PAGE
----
U.S. industrial output picked up modestly in September, a sign a key sector of the economy is weathering the hurricane-related disruption that hit the prior month.
Industrial production -- a measure of output at factories, mines and utilities -- increased a seasonally adjusted 0.3% in September from the prior month, the Federal Reserve said Tuesday. The reading was in line with economists' expectations.
Tuesday's report estimated Hurricanes Harvey and Irma held down the growth in total industrial production in September by 0.25 percentage point.
A decline in industrial production in August was revised upward, suggesting storm-related disruptions were less severe than initially reported. Production slipped 0.7% that month instead of the first estimate of 0.9%. Industrial output was up 1.6% on the year to September.
"Hurricane effects may continue to suppress activity in the near term, but there will be a snapback before long, with the net result probably being little different than it would otherwise have been," Joshua Shapiro, an economist at MFR, Inc., said in a note to clients.
Capacity utilization, reflecting how much industries are producing relative to their potential output, rose by 0.2 percentage point to 76.0% in September; economists had expected 76.3%.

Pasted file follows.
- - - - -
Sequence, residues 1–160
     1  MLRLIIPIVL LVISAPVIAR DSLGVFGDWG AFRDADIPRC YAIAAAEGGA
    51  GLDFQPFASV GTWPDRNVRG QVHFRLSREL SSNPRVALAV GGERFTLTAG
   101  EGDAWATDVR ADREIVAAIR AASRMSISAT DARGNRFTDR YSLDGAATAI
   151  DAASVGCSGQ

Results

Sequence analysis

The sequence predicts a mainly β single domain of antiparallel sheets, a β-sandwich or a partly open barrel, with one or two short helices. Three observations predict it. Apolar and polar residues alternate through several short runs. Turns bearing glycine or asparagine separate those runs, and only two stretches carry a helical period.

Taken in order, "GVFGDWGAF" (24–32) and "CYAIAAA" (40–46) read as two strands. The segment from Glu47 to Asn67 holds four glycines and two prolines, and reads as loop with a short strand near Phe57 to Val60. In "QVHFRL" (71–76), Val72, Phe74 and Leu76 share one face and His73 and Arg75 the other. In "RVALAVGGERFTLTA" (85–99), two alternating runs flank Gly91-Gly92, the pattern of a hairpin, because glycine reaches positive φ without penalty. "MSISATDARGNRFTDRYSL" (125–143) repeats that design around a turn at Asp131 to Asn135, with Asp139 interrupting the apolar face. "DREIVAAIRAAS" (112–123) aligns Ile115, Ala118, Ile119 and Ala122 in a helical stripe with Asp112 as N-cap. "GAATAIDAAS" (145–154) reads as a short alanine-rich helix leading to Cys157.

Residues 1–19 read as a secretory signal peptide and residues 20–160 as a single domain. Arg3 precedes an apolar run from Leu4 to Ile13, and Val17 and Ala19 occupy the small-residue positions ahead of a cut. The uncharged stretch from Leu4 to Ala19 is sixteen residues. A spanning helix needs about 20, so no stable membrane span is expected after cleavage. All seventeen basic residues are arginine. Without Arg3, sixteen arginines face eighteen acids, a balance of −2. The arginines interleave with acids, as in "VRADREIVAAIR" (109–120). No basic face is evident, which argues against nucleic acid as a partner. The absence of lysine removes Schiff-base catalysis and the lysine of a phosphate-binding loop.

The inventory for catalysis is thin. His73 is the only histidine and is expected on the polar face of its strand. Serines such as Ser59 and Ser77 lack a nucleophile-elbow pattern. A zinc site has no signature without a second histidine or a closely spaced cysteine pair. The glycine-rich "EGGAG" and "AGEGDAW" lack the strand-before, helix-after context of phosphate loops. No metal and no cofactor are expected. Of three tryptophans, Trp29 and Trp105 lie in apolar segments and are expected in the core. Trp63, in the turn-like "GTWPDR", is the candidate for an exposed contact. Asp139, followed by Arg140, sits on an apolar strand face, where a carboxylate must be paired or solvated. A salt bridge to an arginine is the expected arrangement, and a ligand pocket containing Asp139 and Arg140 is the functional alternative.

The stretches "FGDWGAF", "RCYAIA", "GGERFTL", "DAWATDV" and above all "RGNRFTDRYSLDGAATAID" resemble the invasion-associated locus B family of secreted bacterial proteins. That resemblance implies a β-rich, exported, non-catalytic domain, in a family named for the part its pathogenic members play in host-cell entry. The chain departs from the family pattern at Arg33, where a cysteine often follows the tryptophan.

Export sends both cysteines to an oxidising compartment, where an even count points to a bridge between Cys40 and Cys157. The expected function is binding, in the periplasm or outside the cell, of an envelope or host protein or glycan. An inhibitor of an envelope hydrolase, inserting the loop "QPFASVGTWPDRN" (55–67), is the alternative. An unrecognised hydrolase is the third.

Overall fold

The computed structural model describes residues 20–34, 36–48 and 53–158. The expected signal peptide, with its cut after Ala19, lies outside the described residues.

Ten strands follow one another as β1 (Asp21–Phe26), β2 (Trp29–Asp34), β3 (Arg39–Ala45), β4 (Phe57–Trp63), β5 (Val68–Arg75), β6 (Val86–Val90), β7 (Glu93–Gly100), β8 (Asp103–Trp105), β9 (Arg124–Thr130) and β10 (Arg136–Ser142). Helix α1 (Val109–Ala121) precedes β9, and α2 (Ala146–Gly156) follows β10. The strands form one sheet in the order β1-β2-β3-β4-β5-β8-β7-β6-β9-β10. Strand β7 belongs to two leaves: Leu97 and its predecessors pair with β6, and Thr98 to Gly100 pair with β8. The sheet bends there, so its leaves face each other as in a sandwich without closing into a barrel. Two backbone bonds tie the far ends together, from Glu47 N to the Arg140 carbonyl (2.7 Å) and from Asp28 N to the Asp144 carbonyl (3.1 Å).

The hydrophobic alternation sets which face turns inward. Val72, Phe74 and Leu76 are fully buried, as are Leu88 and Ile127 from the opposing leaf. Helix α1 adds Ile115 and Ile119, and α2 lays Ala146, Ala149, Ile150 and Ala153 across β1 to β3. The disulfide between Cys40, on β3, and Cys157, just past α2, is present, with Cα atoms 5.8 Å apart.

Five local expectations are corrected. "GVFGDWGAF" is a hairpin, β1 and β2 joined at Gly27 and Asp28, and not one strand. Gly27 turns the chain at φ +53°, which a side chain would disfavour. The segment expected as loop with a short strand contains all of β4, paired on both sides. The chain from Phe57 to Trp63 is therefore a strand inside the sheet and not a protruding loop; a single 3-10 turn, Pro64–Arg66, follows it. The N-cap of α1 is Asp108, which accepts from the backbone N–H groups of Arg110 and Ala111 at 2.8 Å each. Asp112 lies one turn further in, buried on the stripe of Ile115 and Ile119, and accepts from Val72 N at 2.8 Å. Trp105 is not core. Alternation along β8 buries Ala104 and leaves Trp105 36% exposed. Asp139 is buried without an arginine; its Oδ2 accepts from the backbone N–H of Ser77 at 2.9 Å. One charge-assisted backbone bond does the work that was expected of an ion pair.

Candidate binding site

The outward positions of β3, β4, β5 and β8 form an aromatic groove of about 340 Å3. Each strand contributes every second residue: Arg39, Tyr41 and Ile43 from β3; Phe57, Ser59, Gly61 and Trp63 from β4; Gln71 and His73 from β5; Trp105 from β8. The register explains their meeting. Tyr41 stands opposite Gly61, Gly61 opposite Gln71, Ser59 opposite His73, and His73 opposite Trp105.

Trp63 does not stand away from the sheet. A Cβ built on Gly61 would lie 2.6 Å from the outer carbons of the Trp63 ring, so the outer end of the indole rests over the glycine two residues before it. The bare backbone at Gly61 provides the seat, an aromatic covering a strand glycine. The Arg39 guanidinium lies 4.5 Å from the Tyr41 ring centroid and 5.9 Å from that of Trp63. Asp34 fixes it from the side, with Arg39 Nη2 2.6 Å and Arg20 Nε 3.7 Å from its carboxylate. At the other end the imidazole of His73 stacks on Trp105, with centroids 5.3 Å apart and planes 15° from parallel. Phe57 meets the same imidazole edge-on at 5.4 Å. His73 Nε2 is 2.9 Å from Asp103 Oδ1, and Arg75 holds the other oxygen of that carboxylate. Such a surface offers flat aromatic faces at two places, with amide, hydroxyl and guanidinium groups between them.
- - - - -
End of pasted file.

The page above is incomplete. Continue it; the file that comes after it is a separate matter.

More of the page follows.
Output at U.S. factories rose 0.1% in September and mining output increased 0.4%. Utility production rose 1.5%.
"The bottom line is that the figures are distorted, for both August and September, though there is reason to think that we should get back to something close to normal in October," economist Stephen Stanley of Amherst Pierpont Securities wrote to clients.
In September 2005, industrial production fell sharply after Hurricane Katrina devastated New Orleans, but it recovered in subsequent months.
Hurricane Harvey, which hit Texas in late August, and Irma, which hit Florida in early September, have muddied economic readings in recent weeks.
While the storm impact dented August's industrial output, the Institute for Supply Management's closely watched index of manufacturing activity reached a 13-year high in September, as strong demand and order growth rode out the severe hurricane season.
Meanwhile, the Labor Department said earlier this month that the U.S. shed 33,000 jobs in September, ending the longest stretch of job growth on record.
Write to Harriet Torry at email@example.com
(END) Dow Jones Newswires
October 17, 2017 10:29 ET (14:29 GMT)